Major banks turn to automation to offset junior pay surge
The recent pay surge for junior investment bankers has shifted the focus of forward-thinking banks toward automation initiatives.
By mid-June last year, approximately 70% of analysts and associates had quit in recent months due to unsustainable workloads, according to Financial News London - a full blown investment banking talent crisis. The mass exodus could in part be attributed to the leaked Goldman Sachs analyst survey, which brought visibility to the physical and mental health impact of juniors’ 100-hour work weeks.
Going some way toward providing relief for junior bankers, starting salaries have surged by 26% at top London banks since the beginning of 2022, with big names like JPMorgan and Goldman Sachs leading the charge.
It’s a similar story playing out in the United States, with major US banks steadily raising salaries since the post-pandemic M&A rebound. UBS raised its junior base salary to US$100,000 in August 2021, and again to US$110,000 in early 2022. Similarly, Citigroup and JPMorgan have matched the US$110,000 base salary.
Analysts aren’t robots
In the past, the grueling long hours worked by analysts and other junior roles in corporate advisory has been seen as a rite of passage – a necessary boot camp to rise the ranks.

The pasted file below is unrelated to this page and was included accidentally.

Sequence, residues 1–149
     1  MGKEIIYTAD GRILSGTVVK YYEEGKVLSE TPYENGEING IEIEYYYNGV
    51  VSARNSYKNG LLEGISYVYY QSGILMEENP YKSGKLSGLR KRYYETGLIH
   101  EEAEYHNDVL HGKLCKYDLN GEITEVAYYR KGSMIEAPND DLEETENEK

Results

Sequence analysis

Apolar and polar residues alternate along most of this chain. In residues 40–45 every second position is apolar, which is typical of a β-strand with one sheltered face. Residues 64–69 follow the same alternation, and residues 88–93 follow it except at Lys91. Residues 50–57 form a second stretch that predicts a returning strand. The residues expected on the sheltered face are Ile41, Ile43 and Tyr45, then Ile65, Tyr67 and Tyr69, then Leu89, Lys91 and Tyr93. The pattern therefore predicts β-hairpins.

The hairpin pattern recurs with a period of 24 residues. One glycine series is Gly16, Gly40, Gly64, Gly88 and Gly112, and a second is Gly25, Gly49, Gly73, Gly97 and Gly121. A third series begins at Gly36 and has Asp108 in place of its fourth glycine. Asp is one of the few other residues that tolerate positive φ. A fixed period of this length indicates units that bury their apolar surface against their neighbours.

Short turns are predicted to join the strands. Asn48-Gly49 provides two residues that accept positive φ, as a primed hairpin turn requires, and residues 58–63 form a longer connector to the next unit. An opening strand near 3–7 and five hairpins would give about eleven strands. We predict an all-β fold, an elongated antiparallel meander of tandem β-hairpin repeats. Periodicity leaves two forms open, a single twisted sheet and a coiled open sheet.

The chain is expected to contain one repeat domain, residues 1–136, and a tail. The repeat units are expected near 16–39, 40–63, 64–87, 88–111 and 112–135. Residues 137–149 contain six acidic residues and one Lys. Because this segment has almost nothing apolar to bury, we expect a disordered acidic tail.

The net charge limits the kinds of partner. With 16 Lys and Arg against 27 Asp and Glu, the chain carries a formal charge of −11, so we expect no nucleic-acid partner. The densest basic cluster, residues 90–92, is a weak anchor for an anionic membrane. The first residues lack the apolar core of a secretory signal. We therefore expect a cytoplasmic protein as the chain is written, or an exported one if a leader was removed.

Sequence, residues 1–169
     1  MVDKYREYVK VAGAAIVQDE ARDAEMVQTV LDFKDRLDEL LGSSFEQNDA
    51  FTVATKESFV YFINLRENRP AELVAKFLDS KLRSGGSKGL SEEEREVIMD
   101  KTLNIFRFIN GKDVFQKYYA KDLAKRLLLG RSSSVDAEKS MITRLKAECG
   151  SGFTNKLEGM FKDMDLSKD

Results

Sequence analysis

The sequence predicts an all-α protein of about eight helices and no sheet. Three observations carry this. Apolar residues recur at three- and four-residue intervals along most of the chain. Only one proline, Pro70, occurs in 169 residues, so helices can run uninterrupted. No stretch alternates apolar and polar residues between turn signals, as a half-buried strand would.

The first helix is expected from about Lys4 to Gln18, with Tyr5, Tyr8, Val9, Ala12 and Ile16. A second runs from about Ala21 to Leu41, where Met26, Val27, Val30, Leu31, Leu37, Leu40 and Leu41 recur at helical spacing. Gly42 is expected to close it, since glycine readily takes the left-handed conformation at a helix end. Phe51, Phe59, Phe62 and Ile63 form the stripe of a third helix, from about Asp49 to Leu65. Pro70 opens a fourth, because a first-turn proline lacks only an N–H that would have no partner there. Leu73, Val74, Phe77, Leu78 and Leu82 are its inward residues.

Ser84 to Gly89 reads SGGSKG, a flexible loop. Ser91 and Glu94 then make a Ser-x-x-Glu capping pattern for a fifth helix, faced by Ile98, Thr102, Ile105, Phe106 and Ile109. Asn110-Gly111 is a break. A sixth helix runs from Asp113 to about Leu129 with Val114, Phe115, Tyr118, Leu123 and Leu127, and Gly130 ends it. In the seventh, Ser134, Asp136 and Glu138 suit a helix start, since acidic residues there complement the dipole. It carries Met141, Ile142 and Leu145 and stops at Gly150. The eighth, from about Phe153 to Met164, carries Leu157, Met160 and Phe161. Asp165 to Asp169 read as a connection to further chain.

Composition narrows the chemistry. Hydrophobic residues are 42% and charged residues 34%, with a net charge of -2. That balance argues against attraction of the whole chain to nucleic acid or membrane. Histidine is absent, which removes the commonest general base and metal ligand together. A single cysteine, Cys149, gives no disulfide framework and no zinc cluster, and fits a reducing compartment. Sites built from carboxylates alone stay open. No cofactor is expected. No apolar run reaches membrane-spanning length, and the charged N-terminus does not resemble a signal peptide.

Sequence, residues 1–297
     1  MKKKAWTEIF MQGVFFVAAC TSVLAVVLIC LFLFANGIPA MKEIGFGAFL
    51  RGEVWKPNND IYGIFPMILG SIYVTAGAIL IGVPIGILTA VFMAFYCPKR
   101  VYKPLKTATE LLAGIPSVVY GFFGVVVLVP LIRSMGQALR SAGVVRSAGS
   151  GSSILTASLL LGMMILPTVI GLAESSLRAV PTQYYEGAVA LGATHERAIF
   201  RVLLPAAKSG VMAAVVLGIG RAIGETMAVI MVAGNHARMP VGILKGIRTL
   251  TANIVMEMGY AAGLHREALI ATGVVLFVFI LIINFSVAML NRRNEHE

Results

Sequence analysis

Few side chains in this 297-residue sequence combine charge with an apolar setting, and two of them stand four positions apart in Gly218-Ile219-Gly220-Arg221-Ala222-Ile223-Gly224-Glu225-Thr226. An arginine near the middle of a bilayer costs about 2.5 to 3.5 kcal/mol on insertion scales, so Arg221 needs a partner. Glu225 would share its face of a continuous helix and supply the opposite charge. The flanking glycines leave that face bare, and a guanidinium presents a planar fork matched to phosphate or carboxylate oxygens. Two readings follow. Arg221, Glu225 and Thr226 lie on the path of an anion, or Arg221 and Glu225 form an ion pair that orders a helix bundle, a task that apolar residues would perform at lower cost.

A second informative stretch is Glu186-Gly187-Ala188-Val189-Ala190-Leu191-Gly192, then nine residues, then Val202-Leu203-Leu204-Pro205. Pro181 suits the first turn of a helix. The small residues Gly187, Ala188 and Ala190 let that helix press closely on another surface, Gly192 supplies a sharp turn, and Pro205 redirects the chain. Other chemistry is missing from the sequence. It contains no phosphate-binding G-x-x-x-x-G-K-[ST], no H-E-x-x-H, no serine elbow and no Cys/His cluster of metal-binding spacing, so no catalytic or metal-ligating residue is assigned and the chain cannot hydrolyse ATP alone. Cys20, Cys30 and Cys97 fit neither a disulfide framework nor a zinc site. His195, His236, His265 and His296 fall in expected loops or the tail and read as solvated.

According to Reuters, an aversion to technology is partly to blame, with ‘old-school rainmakers often mistrusting valuation multiples pulled from live databases’ and relishing in ‘making analysts spend hours sweating over seemingly trivial details, as it helps to weed out the less committed’.
The mundane and repetitive work performed in Excel is not only painful for the juniors themselves; putting junior talent to work on low-value tasks for 15+ hours a day is a gigantic and unnecessary drain on resources. How much longer can major investment banks justify spending big bucks on menial tasks?
It’s this realization that is slowly sinking in with the recent pay surge, driving more and more investment banks to shift their attention toward automation initiatives.
Automate, innovate, celebrate
Powerhouses like Goldman Sachs, JPMorgan, Barclays and Moelis have been among the first to prioritize automation initiatives, including the automation of basic functions like generating pitch books and valuation modeling. Bosses at JPMorgan and Goldman Sachs have even set up dedicated teams to modernize their M&A advisory and capital markets businesses.
Junior investment bankers are sharp and committed. Leading senior dealmakers recognize that it’s a waste of their talent to have juniors focusing on copy-and-paste activities, and it’s not enough of a driver to keep hold of young talent. Ultimately, automation will make juniors’ lives easier and give them purpose in their work by allowing them to focus on much higher-value, strategic work for the banks.
There’s software for that
At Ansarada, we’ve always been big advocates for the rise of the analyst, solving their problems through our software.
Forward-thinking investment banks are already using Ansarada Deals to speed up and streamline deal preparation and execution processes with automation.
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